It is estimated that back pain afflicts over 31 million Americans and is the number one cause of activity limitation in young adults.1 Within a given year, up to 50% of U.S. adults suffer from back pain.2
- Americans spend at least $50 Billion each year on low back pain and it is the second most common neurological ailment in the United States.3
- Low back pain is the second most frequent reason for visits to the physician.4
- 80% of people over the age of 30 will experience back problems at some point in their lives. 30% of those will have recurring problems.5
- Each year, there are approximately 916,000 spinal surgeries performed in the US.6
- Back pain accounts for almost one fourth of all occupational injuries and illnesses.7
- In the United States, back surgery rates increase almost proportionately with the supply of orthopaedic and neurosurgeons.8
1. National Committee for Quality Assurance, NCQA News, HEDIS® 2005; Focus is on Health Issues Familiar to Seniors, Working Americans, July 8, 2004.
2. Counseling to prevent low back pain: Section II. In: O’Malley AS, DiGuiseppi C, for the U.S. Preventative Services Task Force. Guide to Clinical Preventative Services: Report of the U.S. Preventative Services Task Force. 2nd Ed. Baltimore, MD: Williams & Wilkins; 1996.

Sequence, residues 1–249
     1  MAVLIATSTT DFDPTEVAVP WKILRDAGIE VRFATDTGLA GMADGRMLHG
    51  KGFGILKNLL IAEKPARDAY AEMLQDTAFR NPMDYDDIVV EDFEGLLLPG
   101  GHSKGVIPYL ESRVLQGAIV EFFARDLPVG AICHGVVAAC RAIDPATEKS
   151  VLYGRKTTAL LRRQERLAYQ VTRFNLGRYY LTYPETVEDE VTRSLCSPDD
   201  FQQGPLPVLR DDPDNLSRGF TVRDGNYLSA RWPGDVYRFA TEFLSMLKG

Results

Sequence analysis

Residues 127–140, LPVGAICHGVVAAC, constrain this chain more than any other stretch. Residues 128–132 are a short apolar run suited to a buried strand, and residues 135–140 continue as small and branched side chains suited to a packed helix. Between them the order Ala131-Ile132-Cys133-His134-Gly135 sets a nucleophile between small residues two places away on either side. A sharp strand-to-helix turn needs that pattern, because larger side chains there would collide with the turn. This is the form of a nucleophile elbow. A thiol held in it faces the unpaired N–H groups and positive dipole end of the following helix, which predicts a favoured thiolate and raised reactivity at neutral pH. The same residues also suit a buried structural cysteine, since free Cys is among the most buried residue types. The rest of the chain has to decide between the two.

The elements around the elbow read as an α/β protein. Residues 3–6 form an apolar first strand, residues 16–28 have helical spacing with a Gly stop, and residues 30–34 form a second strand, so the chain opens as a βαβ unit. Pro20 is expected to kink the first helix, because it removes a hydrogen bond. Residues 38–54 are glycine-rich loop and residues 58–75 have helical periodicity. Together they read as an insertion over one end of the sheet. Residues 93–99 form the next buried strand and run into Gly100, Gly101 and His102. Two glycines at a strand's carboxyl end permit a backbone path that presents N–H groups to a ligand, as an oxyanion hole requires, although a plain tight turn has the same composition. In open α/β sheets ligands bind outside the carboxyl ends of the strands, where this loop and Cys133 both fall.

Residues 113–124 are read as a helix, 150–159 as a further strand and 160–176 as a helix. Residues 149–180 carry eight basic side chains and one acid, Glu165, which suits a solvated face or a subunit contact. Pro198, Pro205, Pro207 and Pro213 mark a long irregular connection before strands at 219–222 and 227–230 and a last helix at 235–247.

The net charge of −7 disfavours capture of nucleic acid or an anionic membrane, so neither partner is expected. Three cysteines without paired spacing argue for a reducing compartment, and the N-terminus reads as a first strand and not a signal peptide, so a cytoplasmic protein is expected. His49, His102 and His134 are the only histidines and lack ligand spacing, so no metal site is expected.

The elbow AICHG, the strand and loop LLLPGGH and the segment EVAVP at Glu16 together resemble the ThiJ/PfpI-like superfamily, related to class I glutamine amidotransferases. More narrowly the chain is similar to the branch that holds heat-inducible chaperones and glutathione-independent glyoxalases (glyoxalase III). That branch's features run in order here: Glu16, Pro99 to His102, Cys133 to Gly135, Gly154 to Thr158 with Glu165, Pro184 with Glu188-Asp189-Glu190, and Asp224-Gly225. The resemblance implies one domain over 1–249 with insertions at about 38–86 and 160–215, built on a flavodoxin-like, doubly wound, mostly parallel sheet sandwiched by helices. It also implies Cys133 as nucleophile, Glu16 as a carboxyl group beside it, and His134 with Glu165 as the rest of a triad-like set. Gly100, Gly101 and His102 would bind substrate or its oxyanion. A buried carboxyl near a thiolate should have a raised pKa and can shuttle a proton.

3. National Institute of Neurological Disorders and Stroke, National Institutes of Health, “Low Back Pain Fact Sheet,” July 2003.
4. Meta-Analysis: Acupuncture for Low Back Pain, Eric Manheimer, MS; Adrian White, MD, BM, BCh; Brian Berman, MD; Kelly Forys, MA; and Edzard Ernst, MD, PhD, April 19, 2005, Volume 142 Issue 8, Pages 651-663.
5. “Fast Facts on Back Pain.” North American Spine Society-A Non-Profit Corporation. Date Retrieved: May 11, 2007.
6. National Hospital Discharge Survey: 2003. Vital and Health Statistics Series 13, Number 160, U.S. Department of Health and Human Services Center for Disease Control and Prevention, National Center Health Statistics, Hyattsville, Maryland.
7. Bureau of Labor Statistics, U.S. Department of Labor, Survey of Occupational Injuries and Illnesses, 2002.
8. Cherkin DC, Deyo RA, Loeser JD, Bush T, Waddell G. Department of Health Services, University of Washington, Seattle. Spine. 1994 Jun 1;19(11):1201-6.